Here it must be admitted that the level of destruction and overwhelming human misery is impressive, and a tribute to both the efficiency of Israeli planning and the U.S.-Israeli special relationship. The lying pretext that the action was caused by Hamas breaking a six-month truce – a truce that Israel never honored for a single day, because the blockade and near-starvation of Gaza continued throughout – served its purpose of keeping the majority of Israeli Jewish public opinion in support of the slaughter. Israel’s Arab Palestinian minority expressed its growing outrage, supported by those principled Israeli Jewish antiwar forces who refuse to drink the regime’s propaganda Kool-Aid. Meanwhile that political gangster and extortion mafia known as the American Israel Public Affairs Committee (AIPAC) wagged its finger and achieved near-unanimity in both houses of the United States Congress for the cynical destruction of Gaza.
Whether the operation will achieve a political purpose is far less clear. The apparent aim of restoring Mahmoud Abbas, the now term-expired president of the Palestinian Authority, to power in Gaza on the strength of Israeli tanks and U.S., European and Middle East petrostates’ money, seems like a fantasy. Internationally a wave of anger has exploded, increasing the momentum for boycott, sanctions and divestment campaigns against the Israeli state. The new Obama administration has the job of shielding Israel from this rage – and it will undoubtedly exploit its enormous international credibility and goodwill to do so – but in turn it cannot afford to be discredited by highly visible, unrestrained Israeli brutality. Hence the timing of the cease-fire.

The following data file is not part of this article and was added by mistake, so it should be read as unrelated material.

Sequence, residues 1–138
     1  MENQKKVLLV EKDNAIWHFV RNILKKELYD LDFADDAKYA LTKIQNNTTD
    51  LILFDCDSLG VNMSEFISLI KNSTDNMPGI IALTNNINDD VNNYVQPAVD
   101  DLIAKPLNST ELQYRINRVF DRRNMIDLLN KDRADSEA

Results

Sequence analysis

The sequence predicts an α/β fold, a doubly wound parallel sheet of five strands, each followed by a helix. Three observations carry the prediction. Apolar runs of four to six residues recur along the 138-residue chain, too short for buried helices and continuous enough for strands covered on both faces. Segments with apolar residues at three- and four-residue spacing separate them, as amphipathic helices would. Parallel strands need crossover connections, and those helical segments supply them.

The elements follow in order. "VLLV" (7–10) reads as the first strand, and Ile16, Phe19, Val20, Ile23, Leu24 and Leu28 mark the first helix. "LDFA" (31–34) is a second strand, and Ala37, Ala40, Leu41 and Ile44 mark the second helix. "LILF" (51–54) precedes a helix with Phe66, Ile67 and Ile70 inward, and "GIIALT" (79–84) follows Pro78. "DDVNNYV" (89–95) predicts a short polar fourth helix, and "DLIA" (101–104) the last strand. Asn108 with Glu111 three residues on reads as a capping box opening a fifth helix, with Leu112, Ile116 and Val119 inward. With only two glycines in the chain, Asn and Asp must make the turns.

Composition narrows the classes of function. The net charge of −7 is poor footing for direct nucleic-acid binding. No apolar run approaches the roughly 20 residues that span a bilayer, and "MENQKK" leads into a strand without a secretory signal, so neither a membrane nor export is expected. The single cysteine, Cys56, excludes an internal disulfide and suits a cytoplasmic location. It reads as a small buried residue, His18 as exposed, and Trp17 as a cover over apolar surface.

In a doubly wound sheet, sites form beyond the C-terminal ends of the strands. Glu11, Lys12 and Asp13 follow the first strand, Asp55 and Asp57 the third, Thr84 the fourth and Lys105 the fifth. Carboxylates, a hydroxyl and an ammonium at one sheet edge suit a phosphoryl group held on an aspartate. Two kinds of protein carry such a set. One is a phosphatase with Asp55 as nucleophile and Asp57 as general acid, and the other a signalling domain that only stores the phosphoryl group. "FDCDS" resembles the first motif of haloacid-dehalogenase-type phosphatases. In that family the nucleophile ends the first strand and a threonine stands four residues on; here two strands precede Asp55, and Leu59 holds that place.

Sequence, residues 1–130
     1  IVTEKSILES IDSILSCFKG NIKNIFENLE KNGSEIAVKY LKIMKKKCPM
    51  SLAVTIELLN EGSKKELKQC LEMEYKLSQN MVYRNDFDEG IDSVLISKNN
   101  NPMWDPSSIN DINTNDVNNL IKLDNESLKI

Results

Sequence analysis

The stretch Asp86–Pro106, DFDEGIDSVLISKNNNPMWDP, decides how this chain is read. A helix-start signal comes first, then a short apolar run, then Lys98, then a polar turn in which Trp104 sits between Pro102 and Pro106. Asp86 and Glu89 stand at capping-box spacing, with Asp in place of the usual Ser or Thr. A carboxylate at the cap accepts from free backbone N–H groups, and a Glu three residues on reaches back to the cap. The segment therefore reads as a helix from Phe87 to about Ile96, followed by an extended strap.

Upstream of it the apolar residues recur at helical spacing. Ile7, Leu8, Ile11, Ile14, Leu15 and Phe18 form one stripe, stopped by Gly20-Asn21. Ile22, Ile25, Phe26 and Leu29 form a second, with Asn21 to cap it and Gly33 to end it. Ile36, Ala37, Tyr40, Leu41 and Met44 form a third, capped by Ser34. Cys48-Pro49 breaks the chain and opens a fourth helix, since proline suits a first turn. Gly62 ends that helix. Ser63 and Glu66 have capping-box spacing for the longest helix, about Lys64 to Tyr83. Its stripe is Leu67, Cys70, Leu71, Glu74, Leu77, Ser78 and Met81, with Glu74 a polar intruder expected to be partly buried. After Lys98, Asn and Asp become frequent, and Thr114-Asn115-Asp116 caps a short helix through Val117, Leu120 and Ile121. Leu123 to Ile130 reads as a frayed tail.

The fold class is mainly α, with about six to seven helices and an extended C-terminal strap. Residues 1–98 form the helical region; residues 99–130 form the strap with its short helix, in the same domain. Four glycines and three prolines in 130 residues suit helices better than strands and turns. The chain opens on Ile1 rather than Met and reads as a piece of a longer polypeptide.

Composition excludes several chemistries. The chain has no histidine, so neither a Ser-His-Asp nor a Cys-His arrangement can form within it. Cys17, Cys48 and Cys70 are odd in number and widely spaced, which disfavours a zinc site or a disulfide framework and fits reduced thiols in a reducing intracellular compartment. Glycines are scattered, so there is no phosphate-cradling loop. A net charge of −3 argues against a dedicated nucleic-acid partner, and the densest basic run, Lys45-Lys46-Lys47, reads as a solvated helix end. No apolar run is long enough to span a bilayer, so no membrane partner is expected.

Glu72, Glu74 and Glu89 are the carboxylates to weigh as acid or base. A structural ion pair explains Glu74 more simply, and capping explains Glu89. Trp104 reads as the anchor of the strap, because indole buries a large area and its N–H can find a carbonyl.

All the words available to describe the Gaza massacre – atrocity, crime against humanity, holocaust – have been taken. We have no new ones. But the cease-fire does not mean that the dying has ended. The people of Gaza do not have drinking water. The hospitals do not have medicines. The main UNRWA warehouse of food supplies went up in flames. The blockade of Gaza must end and the crossing points opened immediately. Every social justice organization in the world should place this emergency demand on the governments of Israel, Egypt and the United States. Everyone concerned with basic human decency should call for the end of all U.S. military aid to Israel. And every organization committed to human rights should apply its own principles to the crisis in Palestine just as it would to any other – and wherever those principles would call for sanctions, divestment or boycotts against regimes conducting massacres and ethnic cleansing elsewhere in the world, they should be applied to the state of Israel.